Some interesting facts about Sikhism:

  • Sikhism was founded by Guru Nanak who shaped a new, unique and distinct religion during his lifetime.
  • Under the stewardship of the Ten Gurus, Sikhism originally established that anyone can achieve salvation irrespective of the religion that they follow if they endear God in their heart and daily actions.  
  • Sikhism doesn’t believe Heaven or Hell are physical places. Hell is equivalent to the cycles of births and deaths and heaven is equivalent to the soul merging with God.
  • Guru Gobind Singh abolished the priestly class making Sikhism free from their weaknesses and egos, the only priest is the Living Guru (the Holy Scriptures) the Guru Granth Sahib which contains all the knowledge and which is available for reading by any Sikh.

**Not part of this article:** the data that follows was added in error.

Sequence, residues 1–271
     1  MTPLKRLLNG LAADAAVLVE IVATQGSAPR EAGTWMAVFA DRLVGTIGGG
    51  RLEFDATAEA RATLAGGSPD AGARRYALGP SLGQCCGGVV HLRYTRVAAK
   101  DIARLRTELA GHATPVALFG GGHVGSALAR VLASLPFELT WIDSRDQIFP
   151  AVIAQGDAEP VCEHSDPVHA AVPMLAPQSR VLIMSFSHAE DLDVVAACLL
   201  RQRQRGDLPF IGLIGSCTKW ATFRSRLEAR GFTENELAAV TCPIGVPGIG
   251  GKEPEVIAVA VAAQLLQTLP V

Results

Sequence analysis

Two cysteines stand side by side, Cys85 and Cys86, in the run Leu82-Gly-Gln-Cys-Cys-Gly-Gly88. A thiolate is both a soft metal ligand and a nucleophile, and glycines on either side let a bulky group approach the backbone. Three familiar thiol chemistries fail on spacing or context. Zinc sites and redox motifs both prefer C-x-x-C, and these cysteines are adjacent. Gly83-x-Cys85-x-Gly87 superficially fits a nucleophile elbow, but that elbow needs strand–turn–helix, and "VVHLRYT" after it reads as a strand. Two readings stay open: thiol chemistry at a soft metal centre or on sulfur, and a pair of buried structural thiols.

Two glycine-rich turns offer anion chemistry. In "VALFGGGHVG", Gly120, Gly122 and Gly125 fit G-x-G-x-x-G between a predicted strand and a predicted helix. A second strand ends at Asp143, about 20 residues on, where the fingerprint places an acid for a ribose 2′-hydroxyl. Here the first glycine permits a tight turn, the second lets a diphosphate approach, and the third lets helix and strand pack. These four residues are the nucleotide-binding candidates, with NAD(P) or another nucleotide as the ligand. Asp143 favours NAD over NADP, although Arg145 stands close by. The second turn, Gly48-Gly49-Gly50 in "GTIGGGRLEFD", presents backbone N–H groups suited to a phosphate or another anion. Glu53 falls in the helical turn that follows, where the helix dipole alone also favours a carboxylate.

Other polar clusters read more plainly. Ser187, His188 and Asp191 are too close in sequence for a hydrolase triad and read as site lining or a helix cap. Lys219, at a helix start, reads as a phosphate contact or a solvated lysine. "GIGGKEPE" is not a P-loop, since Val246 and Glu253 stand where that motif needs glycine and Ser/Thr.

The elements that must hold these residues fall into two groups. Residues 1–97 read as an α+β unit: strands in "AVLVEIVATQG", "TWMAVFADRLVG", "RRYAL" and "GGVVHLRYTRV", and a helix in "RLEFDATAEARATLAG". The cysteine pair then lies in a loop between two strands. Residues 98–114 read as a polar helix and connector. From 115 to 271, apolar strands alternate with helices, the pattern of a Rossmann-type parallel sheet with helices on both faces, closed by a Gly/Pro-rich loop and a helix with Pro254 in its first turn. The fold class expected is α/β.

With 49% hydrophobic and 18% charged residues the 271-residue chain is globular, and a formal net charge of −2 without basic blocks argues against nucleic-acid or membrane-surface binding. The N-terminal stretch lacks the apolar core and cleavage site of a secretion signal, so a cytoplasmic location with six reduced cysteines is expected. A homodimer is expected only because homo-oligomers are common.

• Sikhism is now the World's 5th largest religion with 26 million followers worldwide.
  • Sikhs don’t cut their hair, because they like to live the way God has created them.
  • Sikhism consists of practical living, rendering service to humanity, and engendering tolerance and brotherly love towards all.